- Associated Press - Saturday, April 5, 2014

ELIZABETHTON, Ky. (AP) - When Heather Everett, of Elizabethtown, was 8, a move from Germany to the United States separated her from her half-sister, Sarah Scherzer.

A little less than two decades later, Everett was reunited last week with Scherzer in Elizabethtown thanks to a German reality TV show, “Ticket to Love.” Scherzer’s grandparents, Siglinde and Horst Eckstein, accompanied her on the trip.

“At first, I couldn’t believe they were there,” Everett said. “My heart was pumping, that’s for sure.”

The concept of the show is to reunite German citizens who have not seen family in other countries for years, said Guido Willweber, casting coordinator for the show. Scherzer’s story was one of four chosen for two pilot episodes set to air in May.

Everett was led to believe Willweber was writing a book about siblings who have grown up on different continents, and agreed to an on-camera interview for the book. When Andrea Ballschuh, host of the show, arrived instead of Willweber, Everett knew something was amiss.

“I kind of had a gut feeling,” she said. “Normally stuff like that you only see on TV. You think it doesn’t really happen, but it happens.”

When Everett saw Scherzer and the Ecksteins, a wave of emotion came over her, she said.

“Memories came flooding back when I saw them,” she said. “We all connected immediately. It was like we haven’t been apart that long.”

The show paid for the family’s round-trip airfare, a week’s worth of accommodations and transportation, Willweber said.

“It’s really a genuine project,” he said. “It’s beautiful to see how they react and how the story connects.”

The family, from Schwarzenbruck, Germany, was able to tour the area, have a picnic at Green River and take time to reconnect.

“There’s a lot of things I haven’t seen,” Everett said. “We were all kind of like tourists.”

Siglinde Eckstein was especially impressed with Wal-Mart, Everett said.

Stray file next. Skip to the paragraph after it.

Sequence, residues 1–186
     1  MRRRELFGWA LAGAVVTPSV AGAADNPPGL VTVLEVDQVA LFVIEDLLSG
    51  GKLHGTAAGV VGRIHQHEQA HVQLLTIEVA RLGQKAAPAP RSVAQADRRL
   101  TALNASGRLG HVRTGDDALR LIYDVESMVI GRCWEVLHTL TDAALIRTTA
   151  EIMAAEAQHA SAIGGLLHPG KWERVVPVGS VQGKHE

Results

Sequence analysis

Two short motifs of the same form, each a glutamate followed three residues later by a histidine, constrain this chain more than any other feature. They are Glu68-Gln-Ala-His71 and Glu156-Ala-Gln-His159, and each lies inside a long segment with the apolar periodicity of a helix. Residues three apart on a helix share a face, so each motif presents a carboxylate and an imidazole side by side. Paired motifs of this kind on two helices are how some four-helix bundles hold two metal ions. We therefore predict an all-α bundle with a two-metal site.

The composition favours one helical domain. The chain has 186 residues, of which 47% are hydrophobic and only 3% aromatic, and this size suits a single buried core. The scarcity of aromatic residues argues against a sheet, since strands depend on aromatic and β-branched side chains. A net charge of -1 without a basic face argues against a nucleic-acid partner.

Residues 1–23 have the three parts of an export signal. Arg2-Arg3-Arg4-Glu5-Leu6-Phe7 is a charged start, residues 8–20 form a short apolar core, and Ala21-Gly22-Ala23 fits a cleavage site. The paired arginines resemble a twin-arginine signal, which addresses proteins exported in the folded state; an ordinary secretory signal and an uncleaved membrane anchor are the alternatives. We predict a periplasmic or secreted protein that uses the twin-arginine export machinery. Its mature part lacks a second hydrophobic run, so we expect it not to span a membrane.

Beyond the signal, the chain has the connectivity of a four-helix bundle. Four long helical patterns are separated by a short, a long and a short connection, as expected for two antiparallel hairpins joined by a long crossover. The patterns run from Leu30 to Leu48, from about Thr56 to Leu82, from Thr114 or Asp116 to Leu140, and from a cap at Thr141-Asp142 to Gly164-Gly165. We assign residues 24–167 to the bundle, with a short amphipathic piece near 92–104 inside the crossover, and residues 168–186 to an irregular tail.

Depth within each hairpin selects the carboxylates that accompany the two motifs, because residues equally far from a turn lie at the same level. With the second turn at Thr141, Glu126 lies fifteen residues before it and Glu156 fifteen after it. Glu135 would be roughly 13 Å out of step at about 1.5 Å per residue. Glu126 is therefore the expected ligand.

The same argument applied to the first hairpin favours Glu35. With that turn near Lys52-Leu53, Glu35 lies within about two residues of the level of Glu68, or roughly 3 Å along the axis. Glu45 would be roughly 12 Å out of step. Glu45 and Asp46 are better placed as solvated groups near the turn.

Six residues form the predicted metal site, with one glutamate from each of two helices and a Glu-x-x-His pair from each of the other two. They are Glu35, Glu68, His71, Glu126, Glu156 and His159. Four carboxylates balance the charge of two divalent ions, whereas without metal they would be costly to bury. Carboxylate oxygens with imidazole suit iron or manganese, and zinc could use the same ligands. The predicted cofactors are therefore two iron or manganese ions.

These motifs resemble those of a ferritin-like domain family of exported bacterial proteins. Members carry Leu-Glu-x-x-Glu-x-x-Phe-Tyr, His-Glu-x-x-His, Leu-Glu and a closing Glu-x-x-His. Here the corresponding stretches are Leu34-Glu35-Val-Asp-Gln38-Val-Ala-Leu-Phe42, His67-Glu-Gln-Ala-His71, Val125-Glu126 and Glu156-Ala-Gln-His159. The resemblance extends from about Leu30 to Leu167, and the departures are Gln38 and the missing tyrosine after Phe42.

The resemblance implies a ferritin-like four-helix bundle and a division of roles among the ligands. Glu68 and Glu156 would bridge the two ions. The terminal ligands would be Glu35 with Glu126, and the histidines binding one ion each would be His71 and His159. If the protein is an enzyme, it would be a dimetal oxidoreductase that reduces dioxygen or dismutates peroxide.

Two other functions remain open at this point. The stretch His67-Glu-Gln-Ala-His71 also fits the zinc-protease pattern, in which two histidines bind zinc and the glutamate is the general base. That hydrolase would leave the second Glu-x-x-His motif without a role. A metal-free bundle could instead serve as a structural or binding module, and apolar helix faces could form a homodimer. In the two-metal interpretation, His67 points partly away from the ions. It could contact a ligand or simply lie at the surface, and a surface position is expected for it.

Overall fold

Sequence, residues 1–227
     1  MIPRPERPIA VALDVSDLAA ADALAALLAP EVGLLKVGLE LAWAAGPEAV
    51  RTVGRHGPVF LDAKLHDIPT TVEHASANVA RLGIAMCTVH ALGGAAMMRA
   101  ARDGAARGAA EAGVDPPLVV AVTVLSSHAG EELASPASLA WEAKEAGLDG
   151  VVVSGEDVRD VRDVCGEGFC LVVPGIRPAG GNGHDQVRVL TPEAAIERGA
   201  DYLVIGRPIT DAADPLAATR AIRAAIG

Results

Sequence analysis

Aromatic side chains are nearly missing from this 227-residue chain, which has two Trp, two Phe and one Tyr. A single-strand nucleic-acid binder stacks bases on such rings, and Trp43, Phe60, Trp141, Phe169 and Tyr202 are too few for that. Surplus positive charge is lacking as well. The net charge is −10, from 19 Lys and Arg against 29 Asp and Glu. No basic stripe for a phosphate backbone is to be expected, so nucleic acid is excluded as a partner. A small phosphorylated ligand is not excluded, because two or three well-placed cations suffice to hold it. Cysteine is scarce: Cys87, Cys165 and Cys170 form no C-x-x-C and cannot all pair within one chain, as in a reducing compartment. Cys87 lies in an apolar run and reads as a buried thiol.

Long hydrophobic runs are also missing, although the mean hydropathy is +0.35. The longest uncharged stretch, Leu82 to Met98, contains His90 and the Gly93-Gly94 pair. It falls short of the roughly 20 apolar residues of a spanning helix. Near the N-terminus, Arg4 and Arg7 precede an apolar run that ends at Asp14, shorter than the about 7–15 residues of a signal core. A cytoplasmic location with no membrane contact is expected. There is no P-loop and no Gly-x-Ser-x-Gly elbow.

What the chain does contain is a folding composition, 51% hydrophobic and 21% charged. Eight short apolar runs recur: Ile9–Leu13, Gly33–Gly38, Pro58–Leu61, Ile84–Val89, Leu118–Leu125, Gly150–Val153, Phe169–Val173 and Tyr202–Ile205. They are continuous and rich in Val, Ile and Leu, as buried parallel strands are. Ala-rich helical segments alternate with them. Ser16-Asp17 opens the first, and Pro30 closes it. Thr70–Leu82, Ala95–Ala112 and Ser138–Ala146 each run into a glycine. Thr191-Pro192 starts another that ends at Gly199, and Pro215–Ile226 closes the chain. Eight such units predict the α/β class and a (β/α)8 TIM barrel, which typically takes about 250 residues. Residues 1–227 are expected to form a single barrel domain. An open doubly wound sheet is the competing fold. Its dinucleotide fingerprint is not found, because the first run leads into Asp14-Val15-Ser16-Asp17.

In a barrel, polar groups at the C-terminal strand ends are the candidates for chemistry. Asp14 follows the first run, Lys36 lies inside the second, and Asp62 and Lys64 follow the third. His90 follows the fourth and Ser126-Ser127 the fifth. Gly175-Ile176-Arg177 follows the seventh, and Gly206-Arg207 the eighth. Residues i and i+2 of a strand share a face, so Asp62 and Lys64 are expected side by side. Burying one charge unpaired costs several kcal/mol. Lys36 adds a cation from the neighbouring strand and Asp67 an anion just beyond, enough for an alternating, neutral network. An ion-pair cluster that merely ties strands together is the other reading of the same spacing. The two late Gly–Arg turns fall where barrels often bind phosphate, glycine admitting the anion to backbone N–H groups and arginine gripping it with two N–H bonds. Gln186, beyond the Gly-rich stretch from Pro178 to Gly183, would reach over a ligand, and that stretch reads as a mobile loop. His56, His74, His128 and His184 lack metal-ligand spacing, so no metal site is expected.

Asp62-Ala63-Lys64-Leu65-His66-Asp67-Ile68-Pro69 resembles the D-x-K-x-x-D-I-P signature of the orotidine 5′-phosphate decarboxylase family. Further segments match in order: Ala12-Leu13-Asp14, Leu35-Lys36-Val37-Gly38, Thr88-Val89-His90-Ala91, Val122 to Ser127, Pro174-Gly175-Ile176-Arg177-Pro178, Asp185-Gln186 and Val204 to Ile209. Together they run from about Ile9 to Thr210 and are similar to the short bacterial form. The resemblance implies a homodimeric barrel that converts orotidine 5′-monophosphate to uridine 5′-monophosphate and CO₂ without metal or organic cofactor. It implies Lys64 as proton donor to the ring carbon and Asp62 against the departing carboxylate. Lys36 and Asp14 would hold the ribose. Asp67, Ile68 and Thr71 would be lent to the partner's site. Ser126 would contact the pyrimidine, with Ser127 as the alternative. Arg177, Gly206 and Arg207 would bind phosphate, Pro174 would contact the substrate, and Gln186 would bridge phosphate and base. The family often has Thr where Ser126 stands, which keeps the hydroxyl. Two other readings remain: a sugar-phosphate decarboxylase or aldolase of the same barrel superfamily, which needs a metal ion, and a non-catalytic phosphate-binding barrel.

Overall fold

“She was amazed,” she said. “She thought it was amazing.”

Everett was impressed by how much she and Scherzer had in common including their views and doodling. She said even their boyfriends look and act the same.

“We learned a lot about each other,” she said. “We have so much in common. It makes me wonder that all this time we’ve been apart if we’ve been doing the same thing.”

The sisters have the same father, and the Ecksteins are Scherzer’s maternal grandparents. Although Everett isn’t a blood relative to the Ecksteins, she developed a close relationship with them and her stepmother while in Germany.

“They’re not really my grandparents, but when I was there, they were my everything,” she said. “They always showed me a lot of love and affection.”

The family also met Everett’s daughter, Autumn, who appreciated her Aunt Sarah building a bird nest for her out of pillows and blankets.

Everett said Autumn is fascinated with birds and she slept in the makeshift nest for a couple nights.

The show chose the family partly because phone calls between them had a language barrier, Willweber said. The only thing Siglinde Eckstein could say in English was “I love you.”

“They would call and say ‘I love you’ over and over again and then cry,” he said.

Everett, who could speak German when she left the country, no longer can speak the language, but plans to study it. Scherzer can speak English, but even with technology, the two rarely spoke before they were reunited, Everett said.

“We really didn’t know what to say to each other,” she said, admitting she was hesitant to reach out to Scherzer because she didn’t know how she would react. “We didn’t know much about each other’s lives. You can’t tell that much on Facebook.”

Everett is thankful the show was able to bridge that gap to allow her to reconnect and she plans to make more frequent visits to Germany.

“The time we did have was really, really nice,” she said. “At first, I wasn’t too thrilled about the filming. Now that I know what they’re about, I think it’s amazing.”

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Information from: The News-Enterprise, http://www.thenewsenterprise.com

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